Boom, or Bust?
Title: Umihara Kawase BaZooka
Modes: Single Player, Multiplayer
Publisher: ININ Games
Reviewed on: Switch
Also on: PlayStation 4, Windows
Release: October 30, 2020
If you've ever listened to the podcast, you may have heard me complain during one of my "old man" rants that games nowadays are too long. I will often yearn for the old days of gaming, where you played to reach a high score, or to challenge yourself to get just a bit further. Luckily, the Switch has a lot of these types of games. Some, in fact, are pulled right from the arcades, or classic systems themselves.
Umihara Kawase is considered one of these types of games. Originally hitting the Super Famicom back in 1994, Umihara Kawase is a typical arcade-platformer, where you traverse levels while using a fishing line and lure to capture enemies. It was a pretty basic game, but did find some success in Japan. Versions of the game were subsequently released for the PlayStation One, PlayStation Portable and Vita, Nintendo DS and 3DS, and eventually on the Nintendo Switch.
The Switch version, which we'll talk about here, is called Umihara Kawase BaZooka, and, while similar in gameplay to the original, has some pretty stark differences. As opposed to making your way through levels traditionally, this game takes more of an arcade approach. In order to clear each level, you are required to grab an enemy, turn them into ammo for your bazooka, destroy enemies, and collect a certain number of coins in order to clear each level. But you must act fast, as each level is timed. If you don't collect enough coins, it's game over. Think of it like a cross between Kirby's Adventure and Bubble Bobble. Your character not only has their bazooka, but also special moves that use up a meter that replenishes over time.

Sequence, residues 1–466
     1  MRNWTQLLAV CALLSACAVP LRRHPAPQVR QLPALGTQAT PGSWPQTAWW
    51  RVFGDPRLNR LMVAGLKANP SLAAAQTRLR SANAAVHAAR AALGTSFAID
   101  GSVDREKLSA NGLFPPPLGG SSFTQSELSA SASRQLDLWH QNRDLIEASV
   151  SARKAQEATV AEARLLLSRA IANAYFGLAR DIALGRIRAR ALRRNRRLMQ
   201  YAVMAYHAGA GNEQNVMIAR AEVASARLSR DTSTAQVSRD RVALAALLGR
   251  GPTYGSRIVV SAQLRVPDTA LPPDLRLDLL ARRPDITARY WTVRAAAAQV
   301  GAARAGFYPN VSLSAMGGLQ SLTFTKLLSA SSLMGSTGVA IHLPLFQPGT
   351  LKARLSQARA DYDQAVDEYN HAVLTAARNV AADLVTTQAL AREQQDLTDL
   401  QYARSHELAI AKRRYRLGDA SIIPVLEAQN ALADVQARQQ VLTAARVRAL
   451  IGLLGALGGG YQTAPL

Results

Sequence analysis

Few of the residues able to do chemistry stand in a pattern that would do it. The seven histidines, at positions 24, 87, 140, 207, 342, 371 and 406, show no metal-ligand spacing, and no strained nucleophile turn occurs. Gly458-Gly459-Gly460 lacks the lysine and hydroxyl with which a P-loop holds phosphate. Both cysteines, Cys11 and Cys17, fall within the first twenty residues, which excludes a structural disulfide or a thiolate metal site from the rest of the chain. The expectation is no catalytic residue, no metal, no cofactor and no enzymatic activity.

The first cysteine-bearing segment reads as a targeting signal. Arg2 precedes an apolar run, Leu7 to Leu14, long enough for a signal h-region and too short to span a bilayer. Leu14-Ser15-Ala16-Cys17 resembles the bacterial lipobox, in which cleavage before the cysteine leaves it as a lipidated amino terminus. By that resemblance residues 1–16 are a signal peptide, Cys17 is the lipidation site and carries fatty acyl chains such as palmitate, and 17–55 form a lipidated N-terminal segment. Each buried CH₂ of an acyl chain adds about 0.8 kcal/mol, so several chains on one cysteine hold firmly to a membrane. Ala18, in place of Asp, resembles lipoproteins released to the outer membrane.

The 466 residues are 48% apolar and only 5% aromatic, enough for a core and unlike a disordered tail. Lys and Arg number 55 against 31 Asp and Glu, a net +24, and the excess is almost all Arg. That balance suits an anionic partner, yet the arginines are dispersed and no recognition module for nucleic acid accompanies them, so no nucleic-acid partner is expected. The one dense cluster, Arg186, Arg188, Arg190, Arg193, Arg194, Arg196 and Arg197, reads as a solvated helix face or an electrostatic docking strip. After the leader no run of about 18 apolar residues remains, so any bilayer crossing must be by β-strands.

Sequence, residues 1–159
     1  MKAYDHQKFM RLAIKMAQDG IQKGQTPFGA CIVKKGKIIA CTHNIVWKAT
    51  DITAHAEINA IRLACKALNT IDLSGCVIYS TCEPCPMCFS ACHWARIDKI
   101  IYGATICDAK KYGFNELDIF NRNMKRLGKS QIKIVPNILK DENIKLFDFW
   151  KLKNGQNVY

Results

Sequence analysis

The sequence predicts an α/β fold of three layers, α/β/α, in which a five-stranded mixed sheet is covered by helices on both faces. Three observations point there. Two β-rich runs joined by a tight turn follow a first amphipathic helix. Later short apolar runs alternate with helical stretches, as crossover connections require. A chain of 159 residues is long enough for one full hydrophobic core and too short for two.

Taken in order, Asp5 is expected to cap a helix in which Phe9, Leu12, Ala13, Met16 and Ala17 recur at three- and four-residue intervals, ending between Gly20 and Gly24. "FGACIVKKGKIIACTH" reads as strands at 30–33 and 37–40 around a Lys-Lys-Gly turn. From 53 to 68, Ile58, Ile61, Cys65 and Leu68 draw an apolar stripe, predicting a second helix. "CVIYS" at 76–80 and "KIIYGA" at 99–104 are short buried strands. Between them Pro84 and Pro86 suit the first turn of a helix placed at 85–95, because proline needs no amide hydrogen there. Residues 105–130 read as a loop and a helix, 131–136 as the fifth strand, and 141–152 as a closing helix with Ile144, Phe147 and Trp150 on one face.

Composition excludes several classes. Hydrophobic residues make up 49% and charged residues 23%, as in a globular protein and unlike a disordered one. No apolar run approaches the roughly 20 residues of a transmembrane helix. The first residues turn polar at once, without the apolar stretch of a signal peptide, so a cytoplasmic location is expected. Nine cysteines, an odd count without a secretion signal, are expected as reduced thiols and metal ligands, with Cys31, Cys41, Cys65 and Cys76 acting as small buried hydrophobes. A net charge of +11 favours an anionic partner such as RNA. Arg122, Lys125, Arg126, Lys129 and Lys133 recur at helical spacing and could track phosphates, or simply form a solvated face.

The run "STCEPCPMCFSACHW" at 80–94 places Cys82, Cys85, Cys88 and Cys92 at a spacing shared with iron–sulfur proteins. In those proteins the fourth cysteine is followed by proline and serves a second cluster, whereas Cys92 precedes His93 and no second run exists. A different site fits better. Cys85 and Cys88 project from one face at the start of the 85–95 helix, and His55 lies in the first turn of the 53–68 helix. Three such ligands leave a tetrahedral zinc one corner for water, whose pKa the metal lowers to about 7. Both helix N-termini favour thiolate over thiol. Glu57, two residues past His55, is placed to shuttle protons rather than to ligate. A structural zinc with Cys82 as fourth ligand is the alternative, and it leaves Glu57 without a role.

The gameplay is pretty straightforward: it's similar to a party game in which you and up to three friends take on these levels (both locally and online). To such, if you want to work with your team to clear the levels you can, but if you want the game to be a little more competitive, you have that option as well. There are 4 worlds in the game, each with 9 levels and a boss battle. There isn't a whole lot of depth to the game, but it's an arcade title, so that's to be expected.
Depending on your skill level, there are several options for controls. If you're new to the game (as I was), you can choose a control scheme that gives for a bit of auto-aim and auto-reel for your lure. As you choose the more difficult settings (semi-automatic and technical), control of your main weapon is turned over to you. I highly recommend starting off on beginner, as the game doesn't really give you much by ways of a tutorial stage. There is a “how to play” choice in the menu, which just gives you a step-by-step guide to playing, but “reading” and “doing” are two totally different things.
There's a pretty wide variety of characters to choose from – over twenty – and the character select screen could be easily mistaken for a Super Smash Bros. game. Each character has their own special moves, so be sure to tinker around with the characters and find one or two that suits your playing style. I did enjoy the variety of characters, as it allowed me to tackle the levels differently.
When I said the game plays like an arcade title, I am not lying. It checks all the important “arcade game” boxes: time limit, points modifiers, tough levels, and bosses. You want to aim your shots as perfectly as possible, because hitting multiple enemies increases your score and can earn you a power ball that you can use for even stronger ammo.
While the game itself does work as it should, there are a few issues. First, the knockback is brutal. Umihara Kawase BaZooka enemy knockback makes Castlevania's knockback look downright childish, When you are hit by an enemy you bounce back, land on your butt, and keep bouncing until you stop – completely. If you drop a golf ball and stare at bounce until it stops moving, that's what this is like. I actually timed it myself – it takes about three and a half seconds to recover from a knockback. It can get pretty frustrating when you're fighting against the clock and have to wait to regain control of your character.